Vail’s Curious Nature: Solstice means long days outside | VailDaily.com
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Vail’s Curious Nature: Solstice means long days outside

Lara Carlson
Vail Daily community correspondent
Vail, CO Colorado
Lara Carlson is the Avon in-school teacher at Walking Mountains (formerly Gore Range Natural Science School) where she teaches natural science to students at Avon Elementary School
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VAIL, Colorado –I recently asked a group of Vail Valley fourth and fifth graders how they identify the beginning of summer. I received the following responses: “June 3rd or 4th,” “I don’t know,” “When it’s warm and there are lots and lots of flowers,” “sometime in May, June or July,” “June 21,” and “Summer starts in summer.”

Of course, the average, local 10-year-old would recognize June 4 as the first day of summer because June 3 was the last day of school for Eagle County elementary school students. However, the astronomical and phonological calendars may beg to differ.

For outdoor enthusiasts, summer marks the time to be on the water, on top of mountain peaks, on mountain bikes, and on belay while rock climbing. The weather has been cooperating and many people are engaged in their favorite summer outdoor activities. However, astronomically, it is not summer yet. June 21 marks the summer solstice, the longest day of the year, and the first day of summer.



The word solstice comes from the Latin words for “sun” and “to stand still.” In the months prior to the solstice, the sun has been moving higher and higher in the sky on its daily path across the southern horizon. Now, it has reached near its highest point in the sky and seems to stand still in the middle of the day.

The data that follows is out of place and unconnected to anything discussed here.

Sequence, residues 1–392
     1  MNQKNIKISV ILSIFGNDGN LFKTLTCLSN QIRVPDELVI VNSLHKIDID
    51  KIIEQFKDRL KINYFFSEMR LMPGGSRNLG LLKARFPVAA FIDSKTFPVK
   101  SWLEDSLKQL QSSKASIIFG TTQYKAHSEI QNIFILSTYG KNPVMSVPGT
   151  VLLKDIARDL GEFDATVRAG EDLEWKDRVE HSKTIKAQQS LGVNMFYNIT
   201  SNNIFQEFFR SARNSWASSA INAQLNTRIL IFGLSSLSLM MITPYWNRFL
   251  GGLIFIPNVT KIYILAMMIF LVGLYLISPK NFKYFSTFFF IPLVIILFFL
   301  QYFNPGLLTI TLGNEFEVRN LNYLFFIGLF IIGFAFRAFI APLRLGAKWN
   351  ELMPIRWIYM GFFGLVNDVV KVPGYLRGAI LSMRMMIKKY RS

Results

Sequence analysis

As a scientific review, the seasons result from the Earth’s orbit around the sun and the Earth’s tilt on its rotational axis. The Earth is always tilted in the same direction at 23.5 degrees as it spins around its axis. Throughout Earth’s annual orbit around the sun, the Northern and Southern hemispheres are exposed to different amounts of light. This results in changes in day length and severity of weather extremes, thus creating the four seasons.



The summer solstice marks the transition between the seasons of spring and summer in the Northern Hemisphere. On June 2 we will enjoy 14 hours, 59 minutes and eight seconds of daylight. The sun will rise at 5:32 a.m. Solar noon is marked at 1:01 p.m. and the sun will set at 8:31 p.m. All times are adjusted for Daylight Savings. Personally, my fingers are crossed for a nice and warm, no-clouds-in-the-sky, bluebird day. I plan on maximizing my time outdoors.

Just think, in the Southern Hemisphere the date represents cold weather and short, dark days. It is experiencing winter. After June 21, their days will begin to grow longer. In merely six months, the Southern Hemisphere will be celebrating its longest day of the year. It’s true. We are only six months away from our shortest day of the year, so enjoy all of the long days and warm sunshine while you have it.

Lara Carlson is the Avon in-school teacher at Walking Mountains (formerly Gore Range Natural Science School) where she teaches natural science to students at Avon Elementary School and is looking forward to a long summer. http://www.walkingmontains.org. Walking Mountains’ Curious Nature column appears Mondays in the Vail Daily and on http://www.vaildaily.com.



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